In the humdrum world of Ireland in the forties and fifties, the exuberance of the Dublin theatre stretched like a rainbow across the dreariness of our damp and impoverished lives. The comedian and vaudevillian, Jimmy O'Dea, was the darling of the playhouses. My father took me to the theatre often and there I first heard O'Dea sing of Daffodil Mulligan, a Dublin street vendor, a profession not unknown in our family. The theatre in those days was a great bargain, matinee admittance costing less than a shilling. The Dublin actor Noel Purcell said, "Sure, for God's sake, twas cheaper than lightin' a fire."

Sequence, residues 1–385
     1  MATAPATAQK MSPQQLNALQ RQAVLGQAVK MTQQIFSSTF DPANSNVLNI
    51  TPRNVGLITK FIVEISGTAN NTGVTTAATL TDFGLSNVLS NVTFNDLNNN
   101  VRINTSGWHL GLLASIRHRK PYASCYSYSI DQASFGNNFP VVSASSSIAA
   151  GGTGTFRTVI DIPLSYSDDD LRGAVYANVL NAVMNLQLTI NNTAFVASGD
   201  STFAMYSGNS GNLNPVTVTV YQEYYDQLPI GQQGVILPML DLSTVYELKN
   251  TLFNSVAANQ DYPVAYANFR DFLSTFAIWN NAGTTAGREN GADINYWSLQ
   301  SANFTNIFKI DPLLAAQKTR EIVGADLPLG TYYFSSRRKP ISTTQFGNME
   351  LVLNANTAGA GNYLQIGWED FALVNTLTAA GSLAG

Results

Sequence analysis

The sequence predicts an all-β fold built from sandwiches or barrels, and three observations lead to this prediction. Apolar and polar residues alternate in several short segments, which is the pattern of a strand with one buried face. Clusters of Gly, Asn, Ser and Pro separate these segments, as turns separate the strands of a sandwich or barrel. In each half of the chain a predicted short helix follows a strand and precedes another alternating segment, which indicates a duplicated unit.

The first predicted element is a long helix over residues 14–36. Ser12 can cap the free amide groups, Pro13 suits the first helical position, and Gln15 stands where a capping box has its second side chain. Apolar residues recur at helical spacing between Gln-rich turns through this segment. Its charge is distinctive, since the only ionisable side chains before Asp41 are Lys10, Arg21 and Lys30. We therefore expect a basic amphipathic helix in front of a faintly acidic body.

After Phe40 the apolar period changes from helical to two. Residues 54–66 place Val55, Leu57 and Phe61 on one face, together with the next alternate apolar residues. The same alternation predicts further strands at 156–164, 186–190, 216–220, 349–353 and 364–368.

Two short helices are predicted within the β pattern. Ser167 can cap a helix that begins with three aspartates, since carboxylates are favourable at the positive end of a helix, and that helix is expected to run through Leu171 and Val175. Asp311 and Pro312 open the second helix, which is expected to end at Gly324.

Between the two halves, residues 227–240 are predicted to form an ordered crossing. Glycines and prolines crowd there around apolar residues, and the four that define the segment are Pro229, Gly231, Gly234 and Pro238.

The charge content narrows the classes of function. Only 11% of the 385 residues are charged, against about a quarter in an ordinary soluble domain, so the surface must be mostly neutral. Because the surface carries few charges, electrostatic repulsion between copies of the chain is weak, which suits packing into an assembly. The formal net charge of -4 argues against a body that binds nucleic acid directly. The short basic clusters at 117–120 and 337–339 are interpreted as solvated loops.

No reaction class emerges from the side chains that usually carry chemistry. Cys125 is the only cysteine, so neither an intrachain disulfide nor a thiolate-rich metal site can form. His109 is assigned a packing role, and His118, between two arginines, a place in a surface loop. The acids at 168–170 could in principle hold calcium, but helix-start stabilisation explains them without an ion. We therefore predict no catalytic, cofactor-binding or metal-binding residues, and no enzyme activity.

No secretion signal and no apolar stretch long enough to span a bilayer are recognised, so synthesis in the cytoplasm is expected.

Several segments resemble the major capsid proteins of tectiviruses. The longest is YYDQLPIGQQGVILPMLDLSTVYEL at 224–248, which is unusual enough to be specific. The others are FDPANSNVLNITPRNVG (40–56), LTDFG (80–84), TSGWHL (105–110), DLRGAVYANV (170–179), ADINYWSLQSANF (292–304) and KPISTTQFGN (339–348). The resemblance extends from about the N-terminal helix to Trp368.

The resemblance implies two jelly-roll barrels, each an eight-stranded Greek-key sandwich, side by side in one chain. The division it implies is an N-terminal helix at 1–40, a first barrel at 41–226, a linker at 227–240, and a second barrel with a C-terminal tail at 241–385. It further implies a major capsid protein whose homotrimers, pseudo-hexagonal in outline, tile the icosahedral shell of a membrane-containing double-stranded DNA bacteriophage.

When I left Ireland for America my family had a going away party for me. I know, because they wrote and told me about it later. Seriously though, when I said goodbye, I uttered the words that emigrants have spoken through the centuries; "I'll be back." Well, I'm one of the lucky ones, for I've come rolling home to Ireland many times. Years later, a Dublin woman who had been in America illegally for six months asked me if I got homesick. I told her I did. She said, "What's it like?" There is no answer to that, so I sang her When the Boys Come Rolling Home. On this recording I sing it with my sister Geraldine, or "the holy terror" as my Mother used to call her.